Michael: Kevin, I agree with you, you should never buy sight unseen. There was a bit of publicity recently in the papers and on TV about a house being sold in Sydney that had a huge water tank behind it – three or four stories high – but because of the angle of the photos – they didn’t Photoshop them, but because of the angles of the photos taken – you just couldn’t see it.
I’ve heard horror stories of people who bought sight unseen, thinking their investment probably had incredible views – it did, but maybe only from the laundry – or who didn’t realize there were large power lines that dominated the streetscape because they relied on the agent’s photos.
The moral of the story is don’t risk purchasing sight unseen unless you’ve got a trusted representative such as a local – not an interstate – buyer’s agent or somebody on your side reviewing the property on your behalf. You don’t have to see it as long as one of your team sees it.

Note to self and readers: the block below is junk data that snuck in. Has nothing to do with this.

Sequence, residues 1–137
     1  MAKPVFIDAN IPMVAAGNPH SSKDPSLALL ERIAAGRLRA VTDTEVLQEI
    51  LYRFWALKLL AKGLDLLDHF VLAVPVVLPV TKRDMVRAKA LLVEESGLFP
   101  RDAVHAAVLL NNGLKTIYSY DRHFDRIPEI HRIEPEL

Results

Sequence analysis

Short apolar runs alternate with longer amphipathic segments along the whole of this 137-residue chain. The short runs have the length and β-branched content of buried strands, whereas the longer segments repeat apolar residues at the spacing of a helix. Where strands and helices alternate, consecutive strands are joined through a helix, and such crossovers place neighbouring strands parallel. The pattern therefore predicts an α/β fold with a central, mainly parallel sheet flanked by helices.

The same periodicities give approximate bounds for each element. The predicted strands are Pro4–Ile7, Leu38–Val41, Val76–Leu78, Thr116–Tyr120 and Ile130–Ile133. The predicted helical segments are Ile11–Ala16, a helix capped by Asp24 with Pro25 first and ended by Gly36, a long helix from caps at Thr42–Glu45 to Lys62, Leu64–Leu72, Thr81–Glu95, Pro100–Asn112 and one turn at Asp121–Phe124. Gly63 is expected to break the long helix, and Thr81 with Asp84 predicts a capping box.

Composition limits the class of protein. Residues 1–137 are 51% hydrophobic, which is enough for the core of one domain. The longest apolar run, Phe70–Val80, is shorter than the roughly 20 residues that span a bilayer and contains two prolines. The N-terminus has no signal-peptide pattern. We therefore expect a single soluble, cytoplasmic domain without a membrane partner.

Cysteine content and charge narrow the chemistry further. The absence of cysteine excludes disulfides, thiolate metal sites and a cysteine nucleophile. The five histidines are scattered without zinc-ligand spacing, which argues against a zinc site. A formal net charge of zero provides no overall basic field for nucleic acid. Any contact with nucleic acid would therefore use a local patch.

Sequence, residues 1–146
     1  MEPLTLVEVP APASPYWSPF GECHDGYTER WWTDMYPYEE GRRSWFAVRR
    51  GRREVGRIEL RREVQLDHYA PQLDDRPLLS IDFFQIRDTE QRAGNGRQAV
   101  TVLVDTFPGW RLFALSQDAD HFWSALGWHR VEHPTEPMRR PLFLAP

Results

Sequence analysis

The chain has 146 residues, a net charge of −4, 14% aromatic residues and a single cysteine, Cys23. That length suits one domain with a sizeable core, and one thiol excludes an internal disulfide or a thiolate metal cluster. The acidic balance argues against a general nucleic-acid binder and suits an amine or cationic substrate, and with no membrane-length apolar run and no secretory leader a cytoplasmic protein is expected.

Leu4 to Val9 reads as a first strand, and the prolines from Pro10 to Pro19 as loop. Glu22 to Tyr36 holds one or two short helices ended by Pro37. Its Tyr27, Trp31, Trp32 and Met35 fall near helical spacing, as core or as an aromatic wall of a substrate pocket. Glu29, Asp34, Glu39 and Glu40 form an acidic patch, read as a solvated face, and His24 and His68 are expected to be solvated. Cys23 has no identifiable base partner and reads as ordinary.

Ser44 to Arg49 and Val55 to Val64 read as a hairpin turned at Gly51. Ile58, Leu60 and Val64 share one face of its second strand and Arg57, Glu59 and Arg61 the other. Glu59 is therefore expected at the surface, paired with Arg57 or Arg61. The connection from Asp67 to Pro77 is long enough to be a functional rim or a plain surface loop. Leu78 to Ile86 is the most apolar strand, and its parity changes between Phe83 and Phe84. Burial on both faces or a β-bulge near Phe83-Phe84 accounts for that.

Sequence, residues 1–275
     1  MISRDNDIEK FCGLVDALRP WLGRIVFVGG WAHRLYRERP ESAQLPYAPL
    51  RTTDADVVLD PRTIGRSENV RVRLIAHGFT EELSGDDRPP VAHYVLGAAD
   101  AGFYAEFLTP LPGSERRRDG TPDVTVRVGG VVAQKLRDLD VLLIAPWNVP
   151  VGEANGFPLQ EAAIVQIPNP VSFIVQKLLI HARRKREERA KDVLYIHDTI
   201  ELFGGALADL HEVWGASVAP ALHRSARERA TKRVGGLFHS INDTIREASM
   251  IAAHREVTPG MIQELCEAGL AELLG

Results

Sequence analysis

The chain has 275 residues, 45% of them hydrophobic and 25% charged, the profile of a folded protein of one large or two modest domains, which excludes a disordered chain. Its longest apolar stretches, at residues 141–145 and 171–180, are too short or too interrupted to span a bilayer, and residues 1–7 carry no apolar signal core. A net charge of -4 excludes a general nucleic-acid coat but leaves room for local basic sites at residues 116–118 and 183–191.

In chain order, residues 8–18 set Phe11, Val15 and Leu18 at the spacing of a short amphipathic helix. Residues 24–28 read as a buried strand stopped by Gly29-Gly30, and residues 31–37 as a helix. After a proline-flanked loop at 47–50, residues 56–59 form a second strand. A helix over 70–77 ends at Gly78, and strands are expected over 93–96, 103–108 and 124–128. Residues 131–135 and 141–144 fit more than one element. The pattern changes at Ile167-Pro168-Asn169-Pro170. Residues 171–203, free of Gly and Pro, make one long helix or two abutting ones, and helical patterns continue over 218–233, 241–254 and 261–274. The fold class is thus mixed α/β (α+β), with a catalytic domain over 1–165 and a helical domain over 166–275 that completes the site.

Kevin: That raises an interesting point, if I could ask you about that. You mentioned there are buyer’s agents. You said not an out of town buyer’s agent or somebody who flies in, has a look around, does your homework for you, but you’re talking about someone who lives in the area and knows the area.
Michael: Of course, I have a bias towards it, because my team are buyer’s agents, but there are lots of great professionals in every state doing this, so my recommendation would be to use a local professional who knows the market, who knows why one side of a street is better than the other, which properties are in school zones.
One of the problems I’m seeing currently is people are flying in and flying out. They don’t have the perspective, they don’t have the depth of experience that one needs to understand what makes a great investment property in a particular location and what doesn’t.